Atlanta councilmembers clash over MARTA's bus decision
Southwest Atlanta residents and city councilmembers disagree with MARTA's decision to move forward with premium bus service — not light rail — for a long-awaited route along Campbellton Road.
Why it matters: Transit demand along Campbellton is already high — route 83, one of MARTA's busiest, serves more than 4,000 people daily— and the new line had been pitched to create jobs and spark redevelopment.
Catch up quick: Last week MARTA announced that bus rapid transit could cost cost $130 million to build — $200 million less than light rail. BRT would also be cheaper to operate and would serve just as many people (in almost the same amount of time) as light rail, MARTA planners say.
- In addition, people who participated in public meetings said they slightly preferred BRT more, according to a statement the agency gave to Saporta Report.
City councilmembers including Marci Collier Overstreet, who represents the area, says that's not what the community's been promised for several years.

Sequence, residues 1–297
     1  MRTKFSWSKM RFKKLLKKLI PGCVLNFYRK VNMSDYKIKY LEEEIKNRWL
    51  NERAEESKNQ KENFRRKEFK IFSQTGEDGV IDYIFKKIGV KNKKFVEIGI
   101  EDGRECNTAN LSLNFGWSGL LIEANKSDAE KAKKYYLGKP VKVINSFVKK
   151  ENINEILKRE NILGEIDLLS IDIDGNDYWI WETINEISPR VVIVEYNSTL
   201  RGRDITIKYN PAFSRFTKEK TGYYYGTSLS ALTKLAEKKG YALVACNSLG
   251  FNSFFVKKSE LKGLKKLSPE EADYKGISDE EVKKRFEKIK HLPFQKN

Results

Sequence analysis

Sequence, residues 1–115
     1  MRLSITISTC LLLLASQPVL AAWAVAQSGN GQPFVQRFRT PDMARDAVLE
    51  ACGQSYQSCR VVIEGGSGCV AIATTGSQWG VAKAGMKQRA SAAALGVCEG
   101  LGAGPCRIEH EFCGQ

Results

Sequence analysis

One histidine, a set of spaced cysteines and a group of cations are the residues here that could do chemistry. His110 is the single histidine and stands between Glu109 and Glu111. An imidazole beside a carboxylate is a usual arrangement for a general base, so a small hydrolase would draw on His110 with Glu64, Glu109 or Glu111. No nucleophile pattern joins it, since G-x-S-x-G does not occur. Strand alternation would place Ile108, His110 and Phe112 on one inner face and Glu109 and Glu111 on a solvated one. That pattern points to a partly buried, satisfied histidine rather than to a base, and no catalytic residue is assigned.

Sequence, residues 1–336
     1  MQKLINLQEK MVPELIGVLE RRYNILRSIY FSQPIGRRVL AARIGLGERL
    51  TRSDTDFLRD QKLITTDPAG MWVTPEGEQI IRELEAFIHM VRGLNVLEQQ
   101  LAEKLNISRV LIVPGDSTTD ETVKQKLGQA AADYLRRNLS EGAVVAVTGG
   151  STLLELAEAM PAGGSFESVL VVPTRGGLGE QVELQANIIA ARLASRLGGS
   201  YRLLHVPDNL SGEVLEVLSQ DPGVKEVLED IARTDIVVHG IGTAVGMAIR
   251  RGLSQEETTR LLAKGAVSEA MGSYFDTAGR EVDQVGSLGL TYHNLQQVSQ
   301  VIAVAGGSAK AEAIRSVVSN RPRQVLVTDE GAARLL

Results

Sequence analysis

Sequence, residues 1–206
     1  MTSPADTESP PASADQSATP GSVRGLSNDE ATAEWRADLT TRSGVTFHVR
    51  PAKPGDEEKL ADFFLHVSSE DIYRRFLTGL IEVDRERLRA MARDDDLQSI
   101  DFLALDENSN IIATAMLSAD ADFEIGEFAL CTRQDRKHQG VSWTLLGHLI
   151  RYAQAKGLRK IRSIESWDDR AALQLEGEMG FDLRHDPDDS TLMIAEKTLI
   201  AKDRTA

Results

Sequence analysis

- Overstreet and other councilmembers are holding a town hall at 5pm Tuesday at Mount Carmel Baptist Church to discuss the plans and "provide feedback so we can build equitable transit in our community," Overstreet said in a statement.
MARTA says it's aware of Overstreet's comments. It explained some of its BRT decision in an earlier statement.
Flashback: Overstreet points to discussions with MARTA dating to 2017, plus a fact sheet that included LRT along Campbellton Road. The community, she tells Axios, was promised a more than $315 million investment, and light rail was key to helping spark new development and jobs along the road.
What we're watching: Atlanta City Council this week supported calling MARTA to account for how it's spent, and plans to spend, funding for the Campbellton Road line. The cash comes from a sales tax Atlanta voters approved in 2016 for a $2.7 billion MARTA expansion in the city.
The big picture: Government officials aren't transit planners, and promising constituents steel over tires before studies are conducted can create false expectations, Kari Watkins, a Georgia Tech transportation professor, tells Axios Atlanta.
- "It's not a good idea to promise modes," she says. "People get excited about the technology — and not the underlying service."
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